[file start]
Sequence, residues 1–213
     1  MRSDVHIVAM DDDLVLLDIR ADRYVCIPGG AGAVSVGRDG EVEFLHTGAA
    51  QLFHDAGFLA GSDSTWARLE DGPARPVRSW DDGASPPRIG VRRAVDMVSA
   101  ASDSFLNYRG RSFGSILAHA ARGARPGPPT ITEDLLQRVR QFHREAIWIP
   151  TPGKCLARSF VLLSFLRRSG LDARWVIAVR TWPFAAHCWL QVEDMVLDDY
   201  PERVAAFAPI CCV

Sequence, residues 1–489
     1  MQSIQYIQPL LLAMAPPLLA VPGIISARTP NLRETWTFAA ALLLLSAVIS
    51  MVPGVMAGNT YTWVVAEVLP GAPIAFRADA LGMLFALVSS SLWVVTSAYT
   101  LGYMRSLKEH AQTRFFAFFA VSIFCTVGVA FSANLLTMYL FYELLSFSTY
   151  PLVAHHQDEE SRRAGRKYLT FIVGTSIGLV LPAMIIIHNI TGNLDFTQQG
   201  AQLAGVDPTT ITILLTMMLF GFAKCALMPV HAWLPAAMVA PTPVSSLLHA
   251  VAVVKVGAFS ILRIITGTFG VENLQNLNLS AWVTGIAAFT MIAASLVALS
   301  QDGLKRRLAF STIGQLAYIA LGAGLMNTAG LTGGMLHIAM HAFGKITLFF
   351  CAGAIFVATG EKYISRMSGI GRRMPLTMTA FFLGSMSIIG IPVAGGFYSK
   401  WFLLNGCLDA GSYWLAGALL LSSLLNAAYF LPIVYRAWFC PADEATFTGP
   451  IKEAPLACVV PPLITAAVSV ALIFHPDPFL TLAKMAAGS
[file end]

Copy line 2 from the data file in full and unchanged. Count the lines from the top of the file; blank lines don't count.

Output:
     1  MRSDVHIVAM DDDLVLLDIR ADRYVCIPGG AGAVSVGRDG EVEFLHTGAA